The entire narrative reflects the multiplication table of 12.75, which is arbitrary to begin with and allows for a wide range of interpretations. While multiplication tables are useful to a great extent, there is so much more for young minds to learn about in education besides mere arithmetic. Often critiqued as limited, they serve as an extended metaphor for every formula teaching. They also highlight the arbitrariness within them, prompting a deeper exploration of mathematical concepts and their real-world applications.

Gulab learns about managing water flow and the fundamental principles of bridge construction through a hands-on approach. Interestingly, this approach lays the groundwork for his understanding of civil engineering. Despite being deemed as a waste of time, building an improvised bridge across a random village stream can greatly enhance Gulab’s prospects in his future career. Krishan Hooda’s “Malota” highlights the contrast between rote learning and practical education. He challenges the idea that undervalues creativity and practical skills in favor of standardized educational approaches.

Summing Up

Gulab’s journey in Krishan Hooda’s “Malota” explores the negative impact of a rigid education system. The system that values conformity over practical skills and personal development. The film raises important questions about the true purpose of education. It also supports a more comprehensive approach that promotes creativity, critical thinking, and individuality. It argues that education should prioritize practical skills, individuality, creativity, critical thinking, and personal growth instead of just memorization and conformity.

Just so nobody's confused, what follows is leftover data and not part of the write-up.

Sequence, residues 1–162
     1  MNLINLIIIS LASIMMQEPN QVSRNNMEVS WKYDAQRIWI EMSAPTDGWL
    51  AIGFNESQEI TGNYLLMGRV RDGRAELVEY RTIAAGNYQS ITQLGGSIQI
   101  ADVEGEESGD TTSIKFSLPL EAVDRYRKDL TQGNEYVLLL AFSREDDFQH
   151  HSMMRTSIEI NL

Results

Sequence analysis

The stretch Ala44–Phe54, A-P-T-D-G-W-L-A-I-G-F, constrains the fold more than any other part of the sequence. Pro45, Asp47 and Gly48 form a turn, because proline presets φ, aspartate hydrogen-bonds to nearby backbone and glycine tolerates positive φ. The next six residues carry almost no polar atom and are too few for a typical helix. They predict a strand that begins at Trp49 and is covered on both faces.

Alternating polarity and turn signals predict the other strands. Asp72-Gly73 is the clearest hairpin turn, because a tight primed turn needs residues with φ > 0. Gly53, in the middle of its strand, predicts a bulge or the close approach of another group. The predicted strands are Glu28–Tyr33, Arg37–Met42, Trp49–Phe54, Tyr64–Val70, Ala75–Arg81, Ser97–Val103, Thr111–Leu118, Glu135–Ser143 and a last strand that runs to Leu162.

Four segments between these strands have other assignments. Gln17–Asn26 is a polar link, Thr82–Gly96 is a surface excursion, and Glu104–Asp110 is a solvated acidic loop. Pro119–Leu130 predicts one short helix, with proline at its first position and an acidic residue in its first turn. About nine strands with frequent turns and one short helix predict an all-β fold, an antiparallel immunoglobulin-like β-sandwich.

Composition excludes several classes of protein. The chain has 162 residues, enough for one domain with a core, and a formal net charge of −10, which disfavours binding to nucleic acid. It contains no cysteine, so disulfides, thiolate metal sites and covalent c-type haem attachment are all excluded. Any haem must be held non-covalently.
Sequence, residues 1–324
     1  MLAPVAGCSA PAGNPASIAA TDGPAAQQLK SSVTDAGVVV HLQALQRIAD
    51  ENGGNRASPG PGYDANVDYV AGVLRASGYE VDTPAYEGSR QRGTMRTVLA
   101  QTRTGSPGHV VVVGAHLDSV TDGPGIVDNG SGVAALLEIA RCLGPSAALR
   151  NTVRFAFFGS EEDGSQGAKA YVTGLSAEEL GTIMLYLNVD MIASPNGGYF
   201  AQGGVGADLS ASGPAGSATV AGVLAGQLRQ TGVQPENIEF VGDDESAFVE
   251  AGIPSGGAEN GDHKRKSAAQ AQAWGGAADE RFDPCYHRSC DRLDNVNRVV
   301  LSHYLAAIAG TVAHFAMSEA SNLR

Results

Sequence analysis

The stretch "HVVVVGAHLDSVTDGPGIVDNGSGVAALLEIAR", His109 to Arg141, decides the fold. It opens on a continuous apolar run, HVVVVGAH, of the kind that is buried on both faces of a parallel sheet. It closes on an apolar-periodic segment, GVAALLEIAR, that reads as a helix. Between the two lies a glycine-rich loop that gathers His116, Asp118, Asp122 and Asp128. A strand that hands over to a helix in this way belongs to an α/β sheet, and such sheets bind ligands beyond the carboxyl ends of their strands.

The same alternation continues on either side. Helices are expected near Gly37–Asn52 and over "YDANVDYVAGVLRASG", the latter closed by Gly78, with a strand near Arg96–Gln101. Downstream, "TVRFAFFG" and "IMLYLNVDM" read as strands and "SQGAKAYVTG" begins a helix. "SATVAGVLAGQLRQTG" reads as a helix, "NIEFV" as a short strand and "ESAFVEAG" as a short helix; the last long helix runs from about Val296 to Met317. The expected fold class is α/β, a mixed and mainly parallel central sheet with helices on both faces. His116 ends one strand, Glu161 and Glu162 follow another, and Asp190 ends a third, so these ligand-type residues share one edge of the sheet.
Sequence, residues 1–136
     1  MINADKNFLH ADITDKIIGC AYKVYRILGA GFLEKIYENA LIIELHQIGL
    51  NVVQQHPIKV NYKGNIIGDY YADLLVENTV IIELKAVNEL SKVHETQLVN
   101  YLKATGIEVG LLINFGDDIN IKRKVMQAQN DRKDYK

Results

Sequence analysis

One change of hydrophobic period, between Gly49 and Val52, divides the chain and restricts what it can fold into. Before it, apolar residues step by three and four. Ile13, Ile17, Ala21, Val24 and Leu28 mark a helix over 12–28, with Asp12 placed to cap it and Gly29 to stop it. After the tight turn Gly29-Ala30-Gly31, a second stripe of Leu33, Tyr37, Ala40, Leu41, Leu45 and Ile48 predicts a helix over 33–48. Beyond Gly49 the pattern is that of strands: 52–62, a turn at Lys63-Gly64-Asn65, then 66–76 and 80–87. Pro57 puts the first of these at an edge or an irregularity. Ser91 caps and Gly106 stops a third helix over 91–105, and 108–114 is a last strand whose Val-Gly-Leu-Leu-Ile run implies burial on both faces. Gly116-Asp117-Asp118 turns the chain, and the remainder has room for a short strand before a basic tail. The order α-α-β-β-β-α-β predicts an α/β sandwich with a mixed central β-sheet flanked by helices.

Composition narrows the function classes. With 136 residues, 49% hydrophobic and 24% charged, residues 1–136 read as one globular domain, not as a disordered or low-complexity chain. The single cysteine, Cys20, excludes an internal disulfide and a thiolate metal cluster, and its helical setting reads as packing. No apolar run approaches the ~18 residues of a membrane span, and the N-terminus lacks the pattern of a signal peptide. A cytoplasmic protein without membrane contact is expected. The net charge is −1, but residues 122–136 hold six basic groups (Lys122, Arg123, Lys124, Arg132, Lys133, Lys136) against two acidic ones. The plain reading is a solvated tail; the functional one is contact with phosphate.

Credits: humaramovie
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Short Films

Valu: A Marathi Short Film Exposing Politicization of Sand

Inspired by real-life events, Mayur Dharod and Vikram Aggarwal’s Marathi short film, Valu screens the politics of sand and water.

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Vikram Aggarwal, Mayur Dharod, Maharashtra, Marathi, Short Film, Sand, Farmer, Valu

As a result of increasing corruption and inflation, many rural areas have been facing illegal sand mining. This leads to severe water scarcity, taking a toll on the farmers’ livelihoods that depends on destroyed water sources. Inspired by real-life events, Mayur Dharod (Producer) and Vikram Aggarwal’s (Director) Marathi short film, Valu screens the politics of sand and water. 

Plot: Valu | Sand

The film opens with a scene of Vitthal, a farmer working in his field. His young daughter assists him. The film uses natural and realistic imagery to bring out the reality of the everyday lives of Indian farmers as a universal subject. While they continue their day-to-day chores, the family soon realises that their bore-well has dried up. This will lead to no water left for the field. Eventually, The farmer witnesses the illegal mining of sand, which has caused the river of his area to dry up.